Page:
Literacy is a term with many meanings, the principal ones being the ability to read and write, and having knowledge and competency in a specified area. When it comes to health, literacy is a determining factor in ensuring good health. Hence, ‘health literacy’ is defined as the degree to which individuals have the capacity to obtain, process and comprehend basic health information required to make appropriate health decisions.

As part of observing International Literacy Day, UAE reached out to two qualified health professionals within the Ismaili community, Dr. Mohamud Verjee, and Dr. Mashal Babar, to discover their views regarding the importance of ‘health literacy.’

Dr. Babar commented that “the pandemic has magnified the importance of each individual to focus on their own personal health care, and awareness. However, it has also increased the level of anxiety in certain segments of people who are now obsessed about it.” Therefore, while knowledge and information are crucial, one should also be wary of false information. Dr. Verjee simply puts this as, “good news travels fast, but bad news travels even faster.” He reminds us to rely only on trusted sources to gather information and choose doctors who are knowledgeable and communicate well.

Health practitioners carry a huge responsibility in promoting health literacy by ensuring that their patients are well-aware of their own health conditions. In their own clinical practices, Dr. Babar and Dr. Verjee use various methods to communicate relevant information to their patients. Dr. Verjee stresses the importance of allowing patients the freedom of choice in making their own decisions. “You don’t want to scare people by insisting you do this or else. Neither does the populace like to be told what to do, as they like to exercise their own choices.”  Dr. Babar also spoke of the importance of relevance, as she explained that medical practitioners, “need to identify how much their patients can understand and comprehend.”

Ismaili health care professionals have stepped up their voluntary efforts to communicate relevant information to assist the community in managing their personal health from a preventative and proactive approach. “It is very important that health professionals are truthful, transparent, and consistent” shared Dr. Verjee. “Information has to be disseminated to the community by people who are trustworthy, experienced, and knowledgeable, so that changes and modifications are explained clearly and concisely.” The health portfolio offers “lectures, and seminars for the Community” shared Dr. Babar. “We have information sessions and health meetings to discuss the best ways to look after health,” added Dr. Verjee.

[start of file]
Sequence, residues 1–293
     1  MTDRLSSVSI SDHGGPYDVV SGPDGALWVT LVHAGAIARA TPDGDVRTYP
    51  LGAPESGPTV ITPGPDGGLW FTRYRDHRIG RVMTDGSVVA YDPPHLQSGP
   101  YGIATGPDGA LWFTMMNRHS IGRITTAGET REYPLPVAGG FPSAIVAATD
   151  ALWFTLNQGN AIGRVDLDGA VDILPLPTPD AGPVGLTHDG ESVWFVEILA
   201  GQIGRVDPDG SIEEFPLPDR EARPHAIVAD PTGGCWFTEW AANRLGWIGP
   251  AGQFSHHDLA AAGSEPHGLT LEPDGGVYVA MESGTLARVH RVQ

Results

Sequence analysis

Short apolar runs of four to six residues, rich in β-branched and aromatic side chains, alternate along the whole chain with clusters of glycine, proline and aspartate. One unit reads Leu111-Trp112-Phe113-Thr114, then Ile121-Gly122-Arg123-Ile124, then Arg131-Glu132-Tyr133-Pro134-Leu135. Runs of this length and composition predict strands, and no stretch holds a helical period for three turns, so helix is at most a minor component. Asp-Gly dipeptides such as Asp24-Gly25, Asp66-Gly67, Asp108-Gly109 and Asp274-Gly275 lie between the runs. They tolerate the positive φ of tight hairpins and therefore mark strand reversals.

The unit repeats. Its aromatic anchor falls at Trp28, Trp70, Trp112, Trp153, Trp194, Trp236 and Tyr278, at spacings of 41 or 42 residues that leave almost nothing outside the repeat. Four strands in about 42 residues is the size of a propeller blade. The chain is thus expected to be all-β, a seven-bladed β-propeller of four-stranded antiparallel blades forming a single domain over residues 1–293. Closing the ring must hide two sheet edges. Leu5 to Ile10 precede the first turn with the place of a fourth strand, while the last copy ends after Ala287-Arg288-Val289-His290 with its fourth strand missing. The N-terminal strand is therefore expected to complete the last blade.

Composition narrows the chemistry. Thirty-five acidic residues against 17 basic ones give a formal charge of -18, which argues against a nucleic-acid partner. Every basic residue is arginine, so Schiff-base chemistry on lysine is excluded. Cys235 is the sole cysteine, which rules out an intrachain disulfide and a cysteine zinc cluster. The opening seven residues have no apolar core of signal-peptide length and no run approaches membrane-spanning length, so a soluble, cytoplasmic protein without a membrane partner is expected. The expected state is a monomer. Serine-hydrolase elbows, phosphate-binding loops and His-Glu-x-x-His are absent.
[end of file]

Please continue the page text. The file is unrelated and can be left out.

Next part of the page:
Technology is another aspect of health literacy. Understanding how to use apps and tools result in positive benefits. Therefore, people should also learn to use technology to their maximum advantage.

Although medical professionals and the wider community are responsible to ensure that people are well-aware and well-informed, the primary responsibility lies with the individual. People who choose to educate themselves about health make better health decisions, including following the necessary guidelines issued by their doctors.  This has been particularly evident in recent times, as people who are ‘health literate’ are able to comprehend general guidelines as well as decipher the urgency and importance of the circumstance they may find themselves in.

In conclusion, it is essential to educate yourself in both physical health and mental wellbeing. Dr. Babar emphasised the importance of monitoring and maintaining mental health, as it is still being ignored by many who consider it to be a stigma. In addition, Dr. Verjee shared the importance of listening to the guidance of His Highness the Aga Khan, in terms of regular check-ups and taking care of one’s health. The motto “You are your own responsibility” is very well-suited at this time and for the future.